ActivityPub and MediaGoblin at TPAC 2016 (or: ActivityPub needs your review!)

    Screenshot of ActivityPub Working Draft

    Hello everyone! We have a lot of news to cover, but I’m going to jump right into the thick of it: we’ve been working hard on a new federation (as well as client to server) standard called ActivityPub (formerly ActivityPump). We’ve made tremendous progress, and I was just recently at a face to face meeting at TPAC, the W3C’s big technical conference.

    The good news: ActivityPub is aiming to hit Candidate Recommendation status by October 11th. (That’s less than a week away!) However, in order to enter that stage, we need your review! If you have any interest in the decentralized web, you can help. All you have to do is read the latest editor’s draft and provide feedback. (The earlier the better… maybe a fun weekend project?) You can do this by any of the following:

    • Post issues on the issue tracker (yes, I think it’s ironic and problematic that we’re using GitHub, I picked my battles here, whether right or wrong).
    • Email the social working group comments mailing list.
    • You can email me directly. Email cwebber AT dustycloud DOT org, and include “ActivityPub” in the subject. Note that I will be publishing your comments publicly, probably on the Social Working Group wiki!

    If you have feedback, we want to hear it! (From anyone, but especially from those who are interested in implementing ActivityPub!) Thank you!

    ActivityPub live

    Note, the rest of this post is a bit of a dive into behind the scenes decisions and activity in MediaGoblin and ActivityPub… there’s no need to read this part to submit a review!

    I’m kind of traveling through time in all the wrong order in this post… but it’s worth jumping forward a bit to see the results of what we’ve done. Over the last many months there’s been a huge push on ActivityPub as a standard, as we’ll talk about. But in order to succeed, I also needed implementations, both of client to server and server to server. Well, I’m happy to say that those did come together…

    Pubstrate in action!

    This is Pubstrate, an implementation of ActivityStreams and ActivityPub for GNU Guile. Sorry for the sappy embedded love-note, though what’s nice about this is that it’s the first demo I gave to someone else of the client to server functionality working in Pubstrate. But wait, what was the client?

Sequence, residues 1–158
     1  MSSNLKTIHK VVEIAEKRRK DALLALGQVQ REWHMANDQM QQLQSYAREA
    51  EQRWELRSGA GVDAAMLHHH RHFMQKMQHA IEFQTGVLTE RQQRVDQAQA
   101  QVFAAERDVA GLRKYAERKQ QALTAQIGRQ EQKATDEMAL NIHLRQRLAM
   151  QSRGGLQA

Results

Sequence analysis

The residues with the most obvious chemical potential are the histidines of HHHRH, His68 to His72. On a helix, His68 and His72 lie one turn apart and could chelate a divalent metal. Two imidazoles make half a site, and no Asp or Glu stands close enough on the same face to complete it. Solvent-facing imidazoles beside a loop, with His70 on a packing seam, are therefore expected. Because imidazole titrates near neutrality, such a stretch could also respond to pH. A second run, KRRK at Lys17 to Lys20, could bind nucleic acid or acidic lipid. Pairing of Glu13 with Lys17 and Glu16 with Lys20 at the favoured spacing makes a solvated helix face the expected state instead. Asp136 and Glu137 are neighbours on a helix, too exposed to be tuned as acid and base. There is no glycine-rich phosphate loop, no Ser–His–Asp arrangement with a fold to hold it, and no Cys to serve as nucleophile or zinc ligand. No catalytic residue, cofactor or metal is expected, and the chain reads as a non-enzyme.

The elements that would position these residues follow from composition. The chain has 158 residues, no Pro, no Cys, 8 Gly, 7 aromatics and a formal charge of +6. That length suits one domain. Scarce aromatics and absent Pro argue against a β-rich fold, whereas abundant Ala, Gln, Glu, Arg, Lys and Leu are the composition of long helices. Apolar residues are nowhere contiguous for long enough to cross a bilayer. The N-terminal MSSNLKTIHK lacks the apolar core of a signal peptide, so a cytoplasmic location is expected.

Soci-El in action!

    This is soci-el, an ActivityPub client written in… you guessed it… emacs lisp. You can see the rendering of the user’s outbox here as well as the buffers from which the message was composed.

    Pretty nerdy! I don’t expect everyone to be using emacs as an ActivityPub client of course… I hope to see various desktop, web, and mobile clients made available. But, Emacs is the most fun for me, and I was time pressed, so there we are.

    Everyone loves seeing screenshots, but maybe not all of this stuff makes sense without context. What does this mean for MediaGoblin?

    So what’s been going on?

    It seems a recurring meme in MediaGoblin land to say “we’ve been quiet, because we’ve been busy” (or maybe historically on every tech blog ever), but I guess I can’t resist repeating the mantra. It’s true! Though the weight of my focus has been shifted from where I expected it to be. From the last few updates over the last year, you would be right to anticipate that the main thing I would be working on would be merging the federation code Jessica has written and getting 1.0 out the door. That was the plan, and we’re still working towards that, but priorities shifted as we realized the opportunities and time pressures we were under with ActivityPub. After the Social Working Group face to face meeting in June, Jessica and I sat down and talked about what we should do. Jessica had recently started working at Igalia (great people!) and was busy with that and other transitions in her life, so we discussed whether we thought it was most sensible to focus my energy on MediaGoblin or on ActivityPub. It was clear that ActivityPub was shaping into a solid specification, but it was also made clear that the Social Working Group’s charter was running out by the end of 2016. We both think ActivityPub is key to MediaGoblin’s success and didn’t want to see our invested time go to waste, so decided my immediate focus should switch to ActivityPub so it could successfully make it as a standard.